Whether you’re an experienced climber, or a passionate walker with a sturdy pair of legs, we can recommend a trek for you. Here are a few of our favourites, all differing in terrain, climate and difficulty, but sharing one essential thing: a spectacular view.
The Inca trail, Peru
The 33km (20mile) Inca Trail starts at an altitude of about 2,800 metres in the Sacred Valley and ends four days later at Machu Picchu, at 2,500 metres. The trail winds its way through lush cloud forest and sub-tropical jungle, through cliff-hugging ruins and over the infamous Dead Woman’s Pass (at 4,200m, this is the highest point in the trek), taking in spectacular views of snow-capped mountains. The final destination of the trail is like no other: Machu Picchu, the mysterious lost city of the Incas. Named one of the new Seven Wonders of the World, this UNESCO World Heritage Site is the Inca Empire’s most extraordinary urban creation, a ruined city atop a mountain. With a little pre-trip training this trail should be well within the capabilities of anyone who is reasonably fit, and by taking a measured pace and keeping well hydrated, most people do not suffer from the altitude.
Everest Base Camp, Nepal
Reaching a height of 5,545m (18,193ft) at Kala Pattar, this difficult three-week trek through Nepal’s Khumbu district takes you to the base of the world’s highest mountain, passing undeniably spectacular scenery. You’ll see three of the highest peaks on Earth (Everest, Lhotse, and Lhotse Sar) in one glance. Healthy hikers could cover 35 miles in two days, but the need to acclimatise to the altitude means you’ll take ten days on the trek in to Everest, but only three on the way out. This necessary downtime allows you to savour the views, and the villages, monasteries and polyglot Buddhist culture all the more. Employing friendly Sherpa guides, cooks and porters is part of the experience.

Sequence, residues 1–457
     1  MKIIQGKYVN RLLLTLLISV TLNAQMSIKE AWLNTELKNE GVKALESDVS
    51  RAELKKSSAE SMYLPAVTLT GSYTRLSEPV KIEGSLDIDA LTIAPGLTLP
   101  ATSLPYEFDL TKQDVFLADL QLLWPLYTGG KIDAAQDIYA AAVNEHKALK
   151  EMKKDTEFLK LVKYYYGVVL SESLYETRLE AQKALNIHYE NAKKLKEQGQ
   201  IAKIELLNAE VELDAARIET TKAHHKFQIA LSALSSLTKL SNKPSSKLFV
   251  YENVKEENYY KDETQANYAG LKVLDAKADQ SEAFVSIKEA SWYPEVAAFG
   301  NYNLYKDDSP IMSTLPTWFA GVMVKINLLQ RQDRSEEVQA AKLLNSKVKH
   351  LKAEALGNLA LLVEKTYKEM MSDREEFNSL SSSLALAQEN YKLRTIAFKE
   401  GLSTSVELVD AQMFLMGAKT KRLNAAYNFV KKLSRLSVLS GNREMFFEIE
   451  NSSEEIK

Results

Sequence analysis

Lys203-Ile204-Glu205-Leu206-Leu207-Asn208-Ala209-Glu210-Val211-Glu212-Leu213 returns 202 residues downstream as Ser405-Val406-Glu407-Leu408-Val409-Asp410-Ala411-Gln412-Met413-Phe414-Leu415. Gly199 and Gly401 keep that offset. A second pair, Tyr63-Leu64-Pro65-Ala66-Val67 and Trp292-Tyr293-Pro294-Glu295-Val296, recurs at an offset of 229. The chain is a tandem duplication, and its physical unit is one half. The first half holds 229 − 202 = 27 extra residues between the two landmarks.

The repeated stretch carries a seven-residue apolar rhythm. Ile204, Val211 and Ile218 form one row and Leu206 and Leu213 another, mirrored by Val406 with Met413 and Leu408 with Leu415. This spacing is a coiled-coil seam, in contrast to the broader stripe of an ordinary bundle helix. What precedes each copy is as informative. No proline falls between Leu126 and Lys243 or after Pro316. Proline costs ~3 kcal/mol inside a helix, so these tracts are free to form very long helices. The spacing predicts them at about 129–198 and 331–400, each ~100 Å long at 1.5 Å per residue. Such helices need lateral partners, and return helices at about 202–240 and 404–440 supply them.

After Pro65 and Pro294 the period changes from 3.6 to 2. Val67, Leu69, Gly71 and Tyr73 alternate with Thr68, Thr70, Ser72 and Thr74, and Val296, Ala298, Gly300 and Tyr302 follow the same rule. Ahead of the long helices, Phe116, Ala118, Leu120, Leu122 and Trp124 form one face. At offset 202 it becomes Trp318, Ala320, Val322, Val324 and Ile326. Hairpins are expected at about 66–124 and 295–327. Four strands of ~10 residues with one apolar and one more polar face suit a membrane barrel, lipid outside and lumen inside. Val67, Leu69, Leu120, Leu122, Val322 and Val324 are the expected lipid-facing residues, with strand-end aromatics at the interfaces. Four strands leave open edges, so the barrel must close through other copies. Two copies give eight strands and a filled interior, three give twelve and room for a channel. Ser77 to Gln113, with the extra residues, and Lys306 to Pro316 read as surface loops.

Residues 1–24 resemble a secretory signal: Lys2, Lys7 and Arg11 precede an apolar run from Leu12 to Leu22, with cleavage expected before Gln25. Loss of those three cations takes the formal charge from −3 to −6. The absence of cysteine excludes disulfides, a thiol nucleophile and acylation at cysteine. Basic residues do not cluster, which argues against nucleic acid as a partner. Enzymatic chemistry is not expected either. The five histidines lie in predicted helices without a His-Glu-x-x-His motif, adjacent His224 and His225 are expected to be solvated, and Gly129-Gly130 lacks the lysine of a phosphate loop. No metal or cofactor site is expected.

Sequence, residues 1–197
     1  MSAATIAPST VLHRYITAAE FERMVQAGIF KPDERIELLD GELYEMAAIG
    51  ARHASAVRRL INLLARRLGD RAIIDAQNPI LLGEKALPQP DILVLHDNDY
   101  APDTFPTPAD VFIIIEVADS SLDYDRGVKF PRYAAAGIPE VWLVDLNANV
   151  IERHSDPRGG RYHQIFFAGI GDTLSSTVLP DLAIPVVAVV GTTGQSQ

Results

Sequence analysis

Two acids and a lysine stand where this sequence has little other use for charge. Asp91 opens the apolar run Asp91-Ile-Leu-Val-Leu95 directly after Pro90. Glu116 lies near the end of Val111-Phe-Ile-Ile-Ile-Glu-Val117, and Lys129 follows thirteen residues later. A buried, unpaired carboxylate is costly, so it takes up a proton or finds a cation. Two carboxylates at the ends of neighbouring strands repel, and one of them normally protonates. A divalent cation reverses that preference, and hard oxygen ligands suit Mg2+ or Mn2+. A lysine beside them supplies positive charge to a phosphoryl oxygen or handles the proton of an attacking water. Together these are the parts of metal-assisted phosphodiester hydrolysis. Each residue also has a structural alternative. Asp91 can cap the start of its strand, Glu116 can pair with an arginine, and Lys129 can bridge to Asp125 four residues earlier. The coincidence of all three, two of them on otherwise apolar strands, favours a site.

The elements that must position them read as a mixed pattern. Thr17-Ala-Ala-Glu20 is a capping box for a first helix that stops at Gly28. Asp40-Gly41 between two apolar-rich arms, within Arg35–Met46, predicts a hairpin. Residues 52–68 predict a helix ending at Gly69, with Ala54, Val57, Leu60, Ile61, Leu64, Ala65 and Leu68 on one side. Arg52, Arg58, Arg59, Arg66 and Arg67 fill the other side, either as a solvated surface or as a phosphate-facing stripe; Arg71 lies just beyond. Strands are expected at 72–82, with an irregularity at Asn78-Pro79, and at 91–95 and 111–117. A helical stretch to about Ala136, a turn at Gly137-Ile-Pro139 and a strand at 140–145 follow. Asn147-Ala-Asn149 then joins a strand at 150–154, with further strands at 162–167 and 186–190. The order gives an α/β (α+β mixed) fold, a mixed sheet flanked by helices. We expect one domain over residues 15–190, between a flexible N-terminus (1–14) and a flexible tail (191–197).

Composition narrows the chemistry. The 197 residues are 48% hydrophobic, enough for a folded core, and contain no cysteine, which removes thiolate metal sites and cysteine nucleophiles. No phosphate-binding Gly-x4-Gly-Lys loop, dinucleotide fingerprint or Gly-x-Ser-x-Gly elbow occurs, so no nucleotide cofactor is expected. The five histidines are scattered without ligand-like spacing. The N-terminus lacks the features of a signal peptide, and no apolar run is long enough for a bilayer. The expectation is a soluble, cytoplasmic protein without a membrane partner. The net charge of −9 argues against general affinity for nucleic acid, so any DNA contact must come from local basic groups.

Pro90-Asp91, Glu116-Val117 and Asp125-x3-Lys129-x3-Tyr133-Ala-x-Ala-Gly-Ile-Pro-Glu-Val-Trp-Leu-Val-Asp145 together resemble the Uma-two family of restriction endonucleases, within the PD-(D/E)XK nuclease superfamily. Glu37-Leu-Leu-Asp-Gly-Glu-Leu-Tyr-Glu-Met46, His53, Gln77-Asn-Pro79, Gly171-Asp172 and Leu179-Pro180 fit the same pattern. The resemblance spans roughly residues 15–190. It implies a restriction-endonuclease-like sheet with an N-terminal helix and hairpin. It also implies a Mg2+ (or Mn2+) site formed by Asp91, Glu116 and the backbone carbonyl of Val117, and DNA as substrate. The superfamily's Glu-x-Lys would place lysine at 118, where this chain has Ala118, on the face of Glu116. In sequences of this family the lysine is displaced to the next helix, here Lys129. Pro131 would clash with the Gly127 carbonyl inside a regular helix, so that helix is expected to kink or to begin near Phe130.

Routeburn Track, New Zealand
This three day trek (32km, 20 miles) takes you through the stunning subalpine scenery of New Zealand’s South Island, passing through two national parks: Fiordland and Mt Aspiring. This is Lord of the Rings scenery – majestic views from Harris Saddle and atop Conical Hill, from where you can see waves breaking gently on the distant beach. The main challenge on this popular hike is actually securing a place, as only a limited number of people are allowed on the track at any one time.
Grand Canyon Hike, Arizona
Any walk in the Grand Canyon will undoubtedly be stunning, but this route tops them all, taking in both rims and the river and giving you plenty of time to savour the majesty of the natural environment – the multi-coloured layers of the Colorado Plateau showing evidence for two billion years’ worth of geology. There are hundreds of caves to explore, over 300 species of birds to watch and over 1500 unique species of plant. All trails are well established, with known water sources and good camping facilities along the way.
Mount Fitzroy, Argentina
Hike in the foothills of Argentina’s fabled Fitz Roy Massif, the iconic ridge where the peaks of Poincenot, St. Exupery, and 11,073-foot Fitz Roy itself rise out of the steppes of Patagonia. From Camp Poincenot, start in the predawn hours for Laguna de los Tres by headlamp: the orange-tinged rock face at sunrise is a sight not to be missed. Hiking through the enormous Los Glaciares National Park takes you through gnarled beech forests and open plains to creaking glaciers, and roaring waterfalls. Go in February or March to avoid the crowds of midsummer and enjoy the mild, still autumn weather.